Frightfest 2020: Day 5 round-up
Jill Gevargizian’s The Stylist, Devereux Milburn’s Honeydew, Elza Kephart’s Slaxx and Natasha Kermani's Lucky starring Brea Grant
Written by Jonathan Hatfull
Our Top Picks
Short films don’t always make great features but Jill Gevargizian’s feature length adaptation of her short film The Stylist proved to be one of the highlights of the festival. It follows Claire (Najarra Townsend), a lonely hair stylist with a penchant for getting too involved in her clients’ lives and taking a piece of them with her. When frantic bride to be Olivia (Brea Grant), begs her for help getting ready for her big day, Claire agrees and begins to lose herself in her new client/best friend. While the film’s striking visual style is worthy of high praise, The Stylist is also emotionally complex with well-written characters and excellent performances (Townsend is fantastic). Claire’s lonely, tragic journey is carefully handled, nodding to character-driven horrors films like May as well as stylistic touchstones like the Maniac remake, and Gevargizian delivers empathy as well as gory shocks.
Just when you think you couldn’t stomach another story about a couple pitching up at a farmhouse to find something is very wrong, along comes a film like Devereux Milburn’s Honeydew. Graduate student Rylie and her struggling actor boyfriend Sam are driving through somewhere in New England and find the eccentric Karen to be very hospital when they need to use her phone, but after being served a rich meaty dinner they have a very, very strange night. With an uncanny score and self-conscious edits, the off-kilter style is almost reminiscent of Dennis Kelly’s Utopia, and there’s a wonderful air of dazed detachment to the proceedings as if neither the characters nor the film can really believe that this happening. Very funny, very weird and truly unusual. (Honeydew will be released by Signature Entertainment in 2021)
The idea of a film about a pair of sentient killer jeans attacking the staff of a trendy store is frankly charming enough, but Elza Kephart’s Slaxx has more going on than a killer concept. The script (co-written with Kephart by Patricia Gomez) takes aim at the exploitation of the fashion industry and our willingness to ignore where our cheap goods come from, and takes a few pops at self-obsessed social media stars and asshole bosses for good measure. The script is funny, there are plenty of fun gore gags and great effects, and the film’s glee at its own silliness means some biting late developments work beautifully.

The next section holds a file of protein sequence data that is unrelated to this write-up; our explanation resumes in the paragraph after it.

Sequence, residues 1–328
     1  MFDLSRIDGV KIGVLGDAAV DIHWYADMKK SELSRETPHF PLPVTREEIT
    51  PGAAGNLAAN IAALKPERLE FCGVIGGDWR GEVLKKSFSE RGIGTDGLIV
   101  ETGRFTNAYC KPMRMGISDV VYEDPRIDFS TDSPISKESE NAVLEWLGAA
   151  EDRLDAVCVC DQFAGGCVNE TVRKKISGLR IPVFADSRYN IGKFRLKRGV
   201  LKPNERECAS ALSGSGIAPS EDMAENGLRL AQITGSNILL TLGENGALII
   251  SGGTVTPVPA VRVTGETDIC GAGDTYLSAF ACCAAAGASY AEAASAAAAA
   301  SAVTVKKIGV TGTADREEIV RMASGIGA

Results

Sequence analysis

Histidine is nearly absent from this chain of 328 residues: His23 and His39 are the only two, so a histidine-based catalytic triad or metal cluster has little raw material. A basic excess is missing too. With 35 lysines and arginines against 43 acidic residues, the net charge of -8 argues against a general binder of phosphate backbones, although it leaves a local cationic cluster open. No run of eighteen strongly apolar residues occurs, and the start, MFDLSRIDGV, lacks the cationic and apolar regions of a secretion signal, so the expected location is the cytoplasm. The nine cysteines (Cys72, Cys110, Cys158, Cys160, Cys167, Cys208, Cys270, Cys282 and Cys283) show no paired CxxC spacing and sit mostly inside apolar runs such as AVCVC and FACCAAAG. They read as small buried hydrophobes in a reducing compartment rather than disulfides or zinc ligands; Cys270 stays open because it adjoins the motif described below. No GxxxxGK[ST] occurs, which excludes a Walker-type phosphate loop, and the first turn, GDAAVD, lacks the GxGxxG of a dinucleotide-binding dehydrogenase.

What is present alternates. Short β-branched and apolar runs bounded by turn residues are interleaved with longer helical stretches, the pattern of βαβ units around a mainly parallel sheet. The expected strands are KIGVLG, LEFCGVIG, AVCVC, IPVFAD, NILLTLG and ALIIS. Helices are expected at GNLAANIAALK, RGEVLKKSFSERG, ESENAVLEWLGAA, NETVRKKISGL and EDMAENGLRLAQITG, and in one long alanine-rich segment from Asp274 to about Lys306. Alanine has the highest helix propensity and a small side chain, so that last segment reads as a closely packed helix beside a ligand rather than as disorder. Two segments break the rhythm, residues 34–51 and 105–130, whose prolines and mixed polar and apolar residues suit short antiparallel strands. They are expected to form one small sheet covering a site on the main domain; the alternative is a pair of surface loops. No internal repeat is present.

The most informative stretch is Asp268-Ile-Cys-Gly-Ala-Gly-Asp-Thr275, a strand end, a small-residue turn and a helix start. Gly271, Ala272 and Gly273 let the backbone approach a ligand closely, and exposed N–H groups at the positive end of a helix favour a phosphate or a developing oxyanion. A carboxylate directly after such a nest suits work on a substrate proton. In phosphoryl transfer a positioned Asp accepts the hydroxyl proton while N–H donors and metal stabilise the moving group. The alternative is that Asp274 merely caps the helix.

We were also big fans of the inventive and emotional Argentinian ghost story The Funeral Home, in which a family struggles to come to terms with each other’s issues while living in a house they know is haunted. You can read our full review here. Damian Mc Carthy’s haunted house debut Caveat was another top pick, and our review is here.
Our final pick of the day was Natasha Kermani’s Lucky, starring and written by Brea Grant. She plays a self-help author who discovers that she’s being attacked in her home by the same man every night…but why is everyone so calm about it? Grant’s script plays with genre expectations in sharp and witty fashion, but the looping concept quickly reveals a ferocious and angry message that is perfectly delivered by the clever script and confident direction. It’s fantastic, and you can read our full review here.
Rigoberto Castañeda’s Origin Unknown finds a drug kingpin on the verge of breaking away from the cartel and starting a new life when the appearance of a mysterious young girl on his compound is promptly followed by the arrival of a team of deadly supernatural assassins. It’s pacey, well-made and endearingly committed to its mad premise, but the twists are telegraphed far too early and the fun of the concept doesn’t quite stretch to the full run-time.
It’s certainly more enjoyable than Eric Fleitas and Luciana Garraza’s Scavenger, a post-apocalyptic tale in which a bounty hunter/organ assassin seeks vengeance on the cannibal cartel who killed her family. The excellent use of location and great soundtrack get things off to a good start, but it soon dives head first into grim, grotty torture and rape territory to compensate for the lack of story. It’s one to avoid.
We had much more fun with Liam O’Donnell’s Skylin3s, the third in his unlikely trilogy, which admittedly gets off to a dispiritingly slow, self-serious start after the giddy outrageousness of the previous instalment. Half-alien Rose is sent with a small team to a distant planet to retrieve a drive that could save the world, but it’s never going to be that easy…It’s far too long at nearly two hours, but those who wait out the first hour or so are rewarded with a drastic gear shift in the final act with some well-executed action.